A city in Southern California got the green light to initiate a $6 million project that will replace more than 1,000 feet of aging downtown water and sewer pipelines.
The City Council of Oceanside, CA, unanimously approved the project, understanding the need for a system rehabilitation. According to The San Diego Union-Tribune, the project planners will use the massive budget to replace more than four miles of pipeline that has reached the end of its lifespan.
Officials say some of the pipelines are simply too old and narrow to handle the increase in population and capacity. The current pipes are less than eight inches in diameter, which restricts hydraulic flow.
Cari Dale, the city water utilities director, said that this project would be both restorative and preventative. Not only will it fix existing leaks and discrepancies in water quality, it will also prevent other sewer line breaks from occurring.
Some of the pipes have been in use for over 100 years, but experts suggest that sewer systems should consider replacement around the 40-year mark.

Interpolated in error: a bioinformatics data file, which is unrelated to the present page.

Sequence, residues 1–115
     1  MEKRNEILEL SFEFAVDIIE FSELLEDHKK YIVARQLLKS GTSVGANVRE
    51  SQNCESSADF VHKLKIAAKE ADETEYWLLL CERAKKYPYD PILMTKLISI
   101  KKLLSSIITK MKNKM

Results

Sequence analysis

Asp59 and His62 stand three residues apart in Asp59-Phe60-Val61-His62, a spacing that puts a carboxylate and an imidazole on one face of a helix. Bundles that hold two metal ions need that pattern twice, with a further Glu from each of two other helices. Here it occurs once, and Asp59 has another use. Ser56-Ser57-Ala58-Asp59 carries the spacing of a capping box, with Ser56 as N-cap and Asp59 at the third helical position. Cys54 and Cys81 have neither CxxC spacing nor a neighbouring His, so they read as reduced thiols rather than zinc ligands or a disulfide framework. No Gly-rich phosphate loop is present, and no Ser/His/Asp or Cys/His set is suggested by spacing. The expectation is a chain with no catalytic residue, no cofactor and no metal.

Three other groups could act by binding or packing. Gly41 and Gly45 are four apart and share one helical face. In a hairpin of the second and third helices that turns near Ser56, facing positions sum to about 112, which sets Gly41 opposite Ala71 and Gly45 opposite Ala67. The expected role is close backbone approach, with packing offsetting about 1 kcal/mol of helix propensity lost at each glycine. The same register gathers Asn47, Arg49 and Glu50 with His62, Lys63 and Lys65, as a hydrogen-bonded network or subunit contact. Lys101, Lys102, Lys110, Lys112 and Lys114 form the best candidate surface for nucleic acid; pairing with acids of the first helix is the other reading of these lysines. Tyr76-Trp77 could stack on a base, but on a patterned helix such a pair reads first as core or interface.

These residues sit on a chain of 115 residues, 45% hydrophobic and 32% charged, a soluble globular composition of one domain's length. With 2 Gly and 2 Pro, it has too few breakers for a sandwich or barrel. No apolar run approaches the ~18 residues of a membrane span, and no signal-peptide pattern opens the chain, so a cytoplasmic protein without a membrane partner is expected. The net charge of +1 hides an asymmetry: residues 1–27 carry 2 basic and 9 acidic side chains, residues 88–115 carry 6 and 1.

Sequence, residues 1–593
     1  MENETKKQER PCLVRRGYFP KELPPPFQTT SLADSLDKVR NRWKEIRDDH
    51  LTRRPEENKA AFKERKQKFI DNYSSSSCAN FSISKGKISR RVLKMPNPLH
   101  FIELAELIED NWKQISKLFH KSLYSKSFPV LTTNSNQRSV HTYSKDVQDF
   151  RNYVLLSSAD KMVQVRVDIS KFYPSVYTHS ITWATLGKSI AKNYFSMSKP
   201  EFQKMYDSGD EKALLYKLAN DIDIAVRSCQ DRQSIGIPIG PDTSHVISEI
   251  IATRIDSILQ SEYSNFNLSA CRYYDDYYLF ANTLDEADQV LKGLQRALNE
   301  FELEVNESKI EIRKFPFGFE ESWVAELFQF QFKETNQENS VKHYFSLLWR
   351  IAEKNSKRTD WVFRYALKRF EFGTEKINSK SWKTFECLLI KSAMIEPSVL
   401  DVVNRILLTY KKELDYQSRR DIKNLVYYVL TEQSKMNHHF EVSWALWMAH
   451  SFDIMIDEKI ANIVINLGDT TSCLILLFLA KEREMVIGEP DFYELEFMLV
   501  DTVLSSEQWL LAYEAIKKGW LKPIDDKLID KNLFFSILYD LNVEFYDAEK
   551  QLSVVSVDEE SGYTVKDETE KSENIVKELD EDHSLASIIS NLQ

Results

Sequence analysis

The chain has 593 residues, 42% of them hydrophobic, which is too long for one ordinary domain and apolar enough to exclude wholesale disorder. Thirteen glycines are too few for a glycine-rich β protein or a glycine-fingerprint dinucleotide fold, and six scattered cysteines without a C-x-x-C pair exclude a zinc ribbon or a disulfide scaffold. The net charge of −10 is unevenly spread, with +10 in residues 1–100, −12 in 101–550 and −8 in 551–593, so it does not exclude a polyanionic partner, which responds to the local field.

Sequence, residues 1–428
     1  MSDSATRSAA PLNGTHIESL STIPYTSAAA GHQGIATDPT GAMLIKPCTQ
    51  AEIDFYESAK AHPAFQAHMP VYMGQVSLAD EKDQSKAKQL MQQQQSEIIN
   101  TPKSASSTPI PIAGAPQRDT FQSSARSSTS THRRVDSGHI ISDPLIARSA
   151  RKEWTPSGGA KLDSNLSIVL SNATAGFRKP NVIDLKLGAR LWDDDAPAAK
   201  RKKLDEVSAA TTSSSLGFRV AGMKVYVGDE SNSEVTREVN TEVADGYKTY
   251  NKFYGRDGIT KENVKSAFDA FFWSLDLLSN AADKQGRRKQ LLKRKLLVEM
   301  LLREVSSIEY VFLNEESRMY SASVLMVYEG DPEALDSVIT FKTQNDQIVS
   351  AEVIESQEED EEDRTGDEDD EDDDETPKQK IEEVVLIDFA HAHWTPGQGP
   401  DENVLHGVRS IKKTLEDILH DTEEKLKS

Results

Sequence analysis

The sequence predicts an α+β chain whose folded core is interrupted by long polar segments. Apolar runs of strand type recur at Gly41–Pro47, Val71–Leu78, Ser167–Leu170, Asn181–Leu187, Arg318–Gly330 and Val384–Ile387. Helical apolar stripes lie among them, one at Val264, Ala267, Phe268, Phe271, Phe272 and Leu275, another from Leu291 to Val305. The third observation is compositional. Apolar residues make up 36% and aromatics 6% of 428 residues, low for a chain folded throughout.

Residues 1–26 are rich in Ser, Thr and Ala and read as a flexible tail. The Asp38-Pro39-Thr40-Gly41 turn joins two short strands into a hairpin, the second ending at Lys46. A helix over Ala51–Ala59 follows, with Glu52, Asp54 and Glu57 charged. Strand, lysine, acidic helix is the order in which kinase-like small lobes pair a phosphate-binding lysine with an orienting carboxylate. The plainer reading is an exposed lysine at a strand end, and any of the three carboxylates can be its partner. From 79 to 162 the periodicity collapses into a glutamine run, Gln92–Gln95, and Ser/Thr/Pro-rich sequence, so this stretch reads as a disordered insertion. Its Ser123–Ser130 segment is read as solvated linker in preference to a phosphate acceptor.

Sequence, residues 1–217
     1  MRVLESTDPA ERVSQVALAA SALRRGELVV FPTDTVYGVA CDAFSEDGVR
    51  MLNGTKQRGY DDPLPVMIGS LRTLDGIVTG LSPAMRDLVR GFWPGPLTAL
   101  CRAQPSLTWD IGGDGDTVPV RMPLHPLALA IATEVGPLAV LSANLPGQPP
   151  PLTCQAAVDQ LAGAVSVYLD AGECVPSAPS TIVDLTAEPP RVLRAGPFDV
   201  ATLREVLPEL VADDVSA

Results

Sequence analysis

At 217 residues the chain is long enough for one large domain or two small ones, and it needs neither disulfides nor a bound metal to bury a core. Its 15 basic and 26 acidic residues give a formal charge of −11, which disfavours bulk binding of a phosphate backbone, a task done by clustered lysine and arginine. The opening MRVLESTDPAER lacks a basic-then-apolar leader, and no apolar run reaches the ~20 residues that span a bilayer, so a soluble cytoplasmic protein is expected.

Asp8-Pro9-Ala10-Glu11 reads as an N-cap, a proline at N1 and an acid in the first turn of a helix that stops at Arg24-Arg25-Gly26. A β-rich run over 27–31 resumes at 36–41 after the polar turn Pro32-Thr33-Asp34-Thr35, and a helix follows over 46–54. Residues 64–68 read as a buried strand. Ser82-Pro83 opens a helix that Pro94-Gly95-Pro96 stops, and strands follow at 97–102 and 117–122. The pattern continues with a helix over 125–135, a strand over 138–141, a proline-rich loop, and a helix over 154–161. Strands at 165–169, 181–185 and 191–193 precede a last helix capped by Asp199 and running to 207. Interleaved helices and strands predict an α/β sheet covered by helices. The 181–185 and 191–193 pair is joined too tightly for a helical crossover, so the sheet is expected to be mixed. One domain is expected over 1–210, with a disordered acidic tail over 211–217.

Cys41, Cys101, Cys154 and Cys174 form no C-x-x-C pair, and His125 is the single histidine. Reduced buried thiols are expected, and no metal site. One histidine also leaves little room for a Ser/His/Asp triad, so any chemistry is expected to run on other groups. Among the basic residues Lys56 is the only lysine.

“It’s not crumbling infrastructure, but it’s reached the end of its useful life,” Dale said. “We’re getting in front of emergencies that would cost a whole lot more.”
The project is set to begin early this year; it is estimated that it will take over a year to complete. About 270 residential and 30 commercial water meters will be replaced as a part of the project’s efforts.
The city as already begun to notify residents on the streets that will be impacted through public outreach efforts. If there are questions and concerns regarding the project, the city of Oceanside has opened a hotline phone number that community members can call.
Dale understands that the construction may pose an inconvenience for some. She asks that residents “be patient and use the hotline” if needed.
The project will be completed in phases to avoid construction during the busiest seasons. Crews will attempt to limit inconveniences and keep traffic flowing by starting at the northern end of the city, then working south toward the downtown area after the busy summer months have passed.
According to Dale, when all five phases of the project are completed, a total of 264,000 feet of water and sewer lines will be replaced in the downtown area